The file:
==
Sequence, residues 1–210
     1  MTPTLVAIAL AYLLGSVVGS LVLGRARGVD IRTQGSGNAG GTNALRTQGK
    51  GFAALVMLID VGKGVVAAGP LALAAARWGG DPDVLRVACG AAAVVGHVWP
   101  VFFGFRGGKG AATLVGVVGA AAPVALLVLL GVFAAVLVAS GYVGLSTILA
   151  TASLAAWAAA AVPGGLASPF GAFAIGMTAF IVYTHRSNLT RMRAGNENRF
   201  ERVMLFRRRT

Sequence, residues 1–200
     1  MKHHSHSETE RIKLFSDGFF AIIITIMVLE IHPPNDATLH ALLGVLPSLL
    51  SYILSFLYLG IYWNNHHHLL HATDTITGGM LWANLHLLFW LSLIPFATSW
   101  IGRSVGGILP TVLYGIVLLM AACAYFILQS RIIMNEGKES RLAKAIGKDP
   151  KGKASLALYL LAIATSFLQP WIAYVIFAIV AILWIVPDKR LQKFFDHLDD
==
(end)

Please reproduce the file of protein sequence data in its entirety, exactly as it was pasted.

Sequence, residues 1–210
     1  MTPTLVAIAL AYLLGSVVGS LVLGRARGVD IRTQGSGNAG GTNALRTQGK
    51  GFAALVMLID VGKGVVAAGP LALAAARWGG DPDVLRVACG AAAVVGHVWP
   101  VFFGFRGGKG AATLVGVVGA AAPVALLVLL GVFAAVLVAS GYVGLSTILA
   151  TASLAAWAAA AVPGGLASPF GAFAIGMTAF IVYTHRSNLT RMRAGNENRF
   201  ERVMLFRRRT

Sequence, residues 1–200
     1  MKHHSHSETE RIKLFSDGFF AIIITIMVLE IHPPNDATLH ALLGVLPSLL
    51  SYILSFLYLG IYWNNHHHLL HATDTITGGM LWANLHLLFW LSLIPFATSW
   101  IGRSVGGILP TVLYGIVLLM AACAYFILQS RIIMNEGKES RLAKAIGKDP
   151  KGKASLALYL LAIATSFLQP WIAYVIFAIV AILWIVPDKR LQKFFDHLDD